By M.V. Moorhead
Despite its promising stars and director, I admit that I dragged my feet a little when it came to seeing Ford v Ferrari. This wasn’t because of the film’s formidable 21⁄2-hour running time.
Nor was it because of my lifelong lack of interest in auto racing, and in movies about auto racing.
My reluctance where Ford v Ferrari was concerned was more parochial than that. In the rural America where I grew up, a partisan alignment with one automotive company over the others—and in opposition to them—was regarded, at times, more like a political affiliation or even a religious denomination than mere brand loyalty.
And I grew up in a Chevy household. My father, far less fanatical than many of his neighbors on such matters, was known in his later years to wear a cap reading “I’D RATHER PUSH A CHEVY THAN DRIVE A FORD.”
Even though I was largely indifferent to cars and car culture, my eventual understanding
of Henry Ford—his notorious antisemitism, Hitler’s shout-out to him in Mein Kampf—and of
his company: the Pinto scandal of the ‘70s and other safety and environmental shortcuts in the years since—gave me no reason to question my Dad’s wisdom in this matter.
And the title suggested that I would be asked to root for Ford.
The movie dramatizes the efforts, in the mid-‘60s, by sports car designer Carroll Shelby (Matt Damon) and race driver and mechanic Ken Miles (Christian Bale) to develop the Ford GT40, with the hope of defeating Ferrari in the 24 Hours of Le Mans.
This was a marketing strategy by the young Lee Iacocca (John Bernthal) to jazz up the flagging Ford’s staid middle-American image with younger customers.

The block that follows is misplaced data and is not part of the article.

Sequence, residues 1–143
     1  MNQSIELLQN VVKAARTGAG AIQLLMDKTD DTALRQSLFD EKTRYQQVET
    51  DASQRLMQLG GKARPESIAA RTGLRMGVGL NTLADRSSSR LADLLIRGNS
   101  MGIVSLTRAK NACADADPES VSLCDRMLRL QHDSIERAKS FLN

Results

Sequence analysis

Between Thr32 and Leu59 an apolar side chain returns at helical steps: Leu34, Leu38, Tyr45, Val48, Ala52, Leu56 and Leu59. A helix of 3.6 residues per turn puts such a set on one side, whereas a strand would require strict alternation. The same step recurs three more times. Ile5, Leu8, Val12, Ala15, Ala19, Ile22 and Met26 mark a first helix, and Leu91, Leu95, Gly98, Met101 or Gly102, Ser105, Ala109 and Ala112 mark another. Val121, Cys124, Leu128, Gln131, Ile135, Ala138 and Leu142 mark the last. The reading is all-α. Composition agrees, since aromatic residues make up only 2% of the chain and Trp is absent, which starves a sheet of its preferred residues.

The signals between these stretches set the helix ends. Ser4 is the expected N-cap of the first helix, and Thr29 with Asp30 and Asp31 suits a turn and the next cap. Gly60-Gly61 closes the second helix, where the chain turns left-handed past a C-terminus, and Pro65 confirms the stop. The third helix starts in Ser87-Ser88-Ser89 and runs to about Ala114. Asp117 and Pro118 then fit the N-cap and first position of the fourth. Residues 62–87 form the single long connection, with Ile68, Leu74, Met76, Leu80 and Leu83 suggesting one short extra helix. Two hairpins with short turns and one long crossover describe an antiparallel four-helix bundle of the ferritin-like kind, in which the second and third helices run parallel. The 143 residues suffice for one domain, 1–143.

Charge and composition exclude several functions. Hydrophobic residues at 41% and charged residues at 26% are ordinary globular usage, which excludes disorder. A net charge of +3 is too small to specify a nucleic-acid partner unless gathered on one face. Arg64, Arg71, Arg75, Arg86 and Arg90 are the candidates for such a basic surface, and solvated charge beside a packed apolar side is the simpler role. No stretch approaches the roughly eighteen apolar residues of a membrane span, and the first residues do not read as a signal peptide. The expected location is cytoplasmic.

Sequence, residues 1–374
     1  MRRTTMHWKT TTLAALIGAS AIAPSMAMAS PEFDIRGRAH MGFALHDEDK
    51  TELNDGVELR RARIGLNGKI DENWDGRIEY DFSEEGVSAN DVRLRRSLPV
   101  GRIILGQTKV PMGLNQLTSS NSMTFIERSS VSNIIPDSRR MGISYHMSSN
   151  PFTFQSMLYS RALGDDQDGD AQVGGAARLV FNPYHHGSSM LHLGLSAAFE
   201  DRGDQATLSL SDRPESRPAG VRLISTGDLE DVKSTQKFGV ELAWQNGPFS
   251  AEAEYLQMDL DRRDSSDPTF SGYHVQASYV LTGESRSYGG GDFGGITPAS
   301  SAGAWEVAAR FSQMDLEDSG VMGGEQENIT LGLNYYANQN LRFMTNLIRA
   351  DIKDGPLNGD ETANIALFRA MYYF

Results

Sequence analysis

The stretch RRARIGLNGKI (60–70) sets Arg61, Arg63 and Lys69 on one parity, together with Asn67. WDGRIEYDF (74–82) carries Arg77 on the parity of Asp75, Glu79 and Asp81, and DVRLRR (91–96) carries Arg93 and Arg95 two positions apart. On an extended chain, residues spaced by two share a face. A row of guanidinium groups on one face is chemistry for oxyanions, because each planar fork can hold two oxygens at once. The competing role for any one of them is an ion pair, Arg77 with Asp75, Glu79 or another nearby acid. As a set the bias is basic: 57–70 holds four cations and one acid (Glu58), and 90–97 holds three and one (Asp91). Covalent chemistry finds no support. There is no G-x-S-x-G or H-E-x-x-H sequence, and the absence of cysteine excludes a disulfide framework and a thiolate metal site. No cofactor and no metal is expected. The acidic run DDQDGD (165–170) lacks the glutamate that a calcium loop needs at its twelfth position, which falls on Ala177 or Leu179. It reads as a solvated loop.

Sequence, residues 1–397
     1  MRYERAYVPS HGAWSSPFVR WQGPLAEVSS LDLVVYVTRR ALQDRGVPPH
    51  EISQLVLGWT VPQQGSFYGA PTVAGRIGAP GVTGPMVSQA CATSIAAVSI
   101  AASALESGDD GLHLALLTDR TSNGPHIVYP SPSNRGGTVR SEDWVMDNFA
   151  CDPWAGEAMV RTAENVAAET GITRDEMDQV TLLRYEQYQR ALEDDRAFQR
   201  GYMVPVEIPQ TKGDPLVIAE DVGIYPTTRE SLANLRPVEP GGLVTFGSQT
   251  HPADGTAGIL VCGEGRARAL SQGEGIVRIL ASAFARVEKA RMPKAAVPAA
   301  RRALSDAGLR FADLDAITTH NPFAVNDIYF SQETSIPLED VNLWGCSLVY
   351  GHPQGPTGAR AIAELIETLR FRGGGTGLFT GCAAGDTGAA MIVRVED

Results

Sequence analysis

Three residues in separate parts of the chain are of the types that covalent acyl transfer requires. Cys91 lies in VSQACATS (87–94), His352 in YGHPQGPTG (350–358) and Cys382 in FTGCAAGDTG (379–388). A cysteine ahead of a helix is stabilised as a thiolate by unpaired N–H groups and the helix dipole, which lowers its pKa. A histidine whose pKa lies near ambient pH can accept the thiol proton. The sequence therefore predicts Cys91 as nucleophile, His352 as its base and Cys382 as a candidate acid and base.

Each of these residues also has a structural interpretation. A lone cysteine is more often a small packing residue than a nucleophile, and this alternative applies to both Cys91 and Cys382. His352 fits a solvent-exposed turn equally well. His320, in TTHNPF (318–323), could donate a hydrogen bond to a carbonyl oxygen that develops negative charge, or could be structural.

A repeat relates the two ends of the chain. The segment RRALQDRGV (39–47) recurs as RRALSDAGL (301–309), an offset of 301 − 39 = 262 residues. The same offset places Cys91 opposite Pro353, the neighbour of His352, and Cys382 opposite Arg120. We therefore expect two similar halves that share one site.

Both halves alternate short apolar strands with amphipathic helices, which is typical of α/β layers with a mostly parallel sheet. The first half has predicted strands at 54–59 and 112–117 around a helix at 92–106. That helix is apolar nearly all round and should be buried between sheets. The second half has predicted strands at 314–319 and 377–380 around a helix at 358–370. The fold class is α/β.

But it became, at least according to the film, a vengeful mission after Enzo Ferrari (Remo Girone) insults Ford during an abortive attempt to acquire the Italian company.
I needn’t have worried.
The film makes Ford look bad. Henry Ford II is amusingly played by Tracy Letts as a thin-skinned, blustering, blubbering buffoon, perennially in his father’s shadow.
And one of his executives, Leo Beebe (Josh Lucas), is presented here as a toadying, conniving weasel. The company is depicted as at least as much the antagonists to Shelby and Miles as their Ferrari rivals are.
As to the degree to which any of this is accurate or fair, your guess is as good as mine and quite possibly better, but since it didn’t ask me to cheer on Ford, my lifelong conditioning was satisfied.
Beyond that, Ford v Ferrari is a well-acted, well-executed racing drama. This is a genre for which I’ve never been able to work up much enthusiasm. Having admitted that, I can also say that the long-underrated director
James Mangold got fine performances from, along with the caricatured Ford execs, Damon, as the unflappably diplomatic Texan Shelby; Bale as the barking, explosive Brit Miles; Caitriona Balfe as the patient Mrs. Miles; and Noah Jupe as his adoring son.
Did the picture really need to be quite so long? I’d say maybe not, but there are probably motor-heads in the audience who wouldn’t want a single gearshift or tire-squeal omitted, and even non-car buffs can enjoy the rich ‘60s period detail and atmosphere.
And when we finally get to the Mad-Max-like mayhem of Le Mans, there’s no denying that Mangold’s direction makes it an exciting ride.
Ford v Ferrari is rated PG-13 and plays at Harkins Tempe Marketplace, Harkins Chandler Fashion 20, Harkins Arizona Mills and other multiplexes Valleywide.